The CEO of Deutsche Bank AG, John Cryan, is too old to lead the board. In fact, he is 67 years old and has been at the helm of this institution since 2015. This begs the question: who will be able to lead the charge as they continue to evolve and grow? Who can take on these challenges and secure the future of banking in this rapidly changing world?
While John Cryan’s age might not make him a bad leader for a bank like Deutsche Bank, it is clear that someone younger needs to take up the mantle. In order for banks such as Deutsche Bank to prosper in today’s economy, they need someone who can lead their growth into tomorrow.
as an Example
UBS AG was founded in 1854. Its CEO, Axel Weber, is 71 and holds the position of Chairman of the Group Executive Board. He started his career at UBS and has been CEO since 2006. His tenure is already 10 years.
Although there are other CEOs in the industry who are younger, they still have a lot more to learn and need time to develop their skills before they can assume leadership positions. Their work experience may not be sufficient for them to lead the bank within their first few years at UBS or any other bank.
This situation is clear evidence that CEOs must evaluate their professional development abilities before taking on roles at these banks. They should not assume that just because they have been working for many years, they have reached their peak productivity levels as leaders of these banks.
In the wake of this crisis, Barclays Bank has faced particular criticism. With a CEO age of 61 and an average tenure of 5 years, the bank is now led by its third-generation boss Bob Diamond. Some argue that his age and long tenure are detrimental to the bank’s future success.
This criticism has been rejected by others. They argue that having a leader who is young and in touch with the trends and challenges of the digital revolution will be beneficial for Barclays plc.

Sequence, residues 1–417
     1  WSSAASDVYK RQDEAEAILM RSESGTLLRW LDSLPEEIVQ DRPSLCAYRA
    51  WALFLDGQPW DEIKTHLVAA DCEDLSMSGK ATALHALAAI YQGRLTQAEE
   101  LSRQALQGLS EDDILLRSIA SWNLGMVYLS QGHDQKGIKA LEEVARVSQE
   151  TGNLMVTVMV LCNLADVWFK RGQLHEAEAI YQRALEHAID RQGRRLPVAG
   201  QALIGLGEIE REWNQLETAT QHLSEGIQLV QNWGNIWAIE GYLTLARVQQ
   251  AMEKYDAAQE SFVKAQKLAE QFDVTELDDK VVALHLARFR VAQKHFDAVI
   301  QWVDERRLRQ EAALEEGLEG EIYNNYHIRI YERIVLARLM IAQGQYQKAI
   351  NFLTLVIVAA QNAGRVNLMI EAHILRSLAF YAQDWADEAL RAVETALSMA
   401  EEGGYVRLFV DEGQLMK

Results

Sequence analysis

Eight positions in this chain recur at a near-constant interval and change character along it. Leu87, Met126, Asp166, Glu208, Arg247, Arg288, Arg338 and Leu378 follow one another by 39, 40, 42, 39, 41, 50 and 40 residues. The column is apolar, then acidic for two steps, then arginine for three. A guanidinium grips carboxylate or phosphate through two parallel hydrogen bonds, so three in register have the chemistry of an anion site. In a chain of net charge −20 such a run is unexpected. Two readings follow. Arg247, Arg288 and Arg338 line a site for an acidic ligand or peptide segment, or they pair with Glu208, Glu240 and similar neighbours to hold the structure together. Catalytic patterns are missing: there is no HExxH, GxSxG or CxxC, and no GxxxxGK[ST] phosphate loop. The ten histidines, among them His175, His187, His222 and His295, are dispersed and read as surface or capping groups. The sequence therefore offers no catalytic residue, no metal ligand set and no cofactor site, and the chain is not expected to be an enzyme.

It is argued that, despite being old and unyielding, Bob Diamond still understands what it takes to lead a company in this day and age. He also understands how to gain both trust and respect from clients.
Bob Diamond was voted as one of the 50 most influential people in banking according to “The Banker”, which puts him ahead of more than a dozen British Prime Ministers like David Cameron, Theresa May, Boris Johnson, Gordon Brown and Tony Blair all put together!
The question remains: should he remain at the helm or should someone new be appointed?
The CEO of Barclays Bank, Antony Jenkins, is 64 years old, and has been asked to retire by the boards.
The CEO of Barclays Bank, Antony Jenkins, is 64 years old, and has been asked to retire by the boards. The CEO of Barclays is not just any old person; he is considered one of the most prominent figures in British banking. The board has acknowledged that the bank needs a younger CEO to compete with other big banks in a changing industry. Many people are believing that the bank should have a new CEO, or at least a new chairman. As some are suggesting, the current CEO of Barclays may not be up to the task when it comes to leading the board in this changing industry.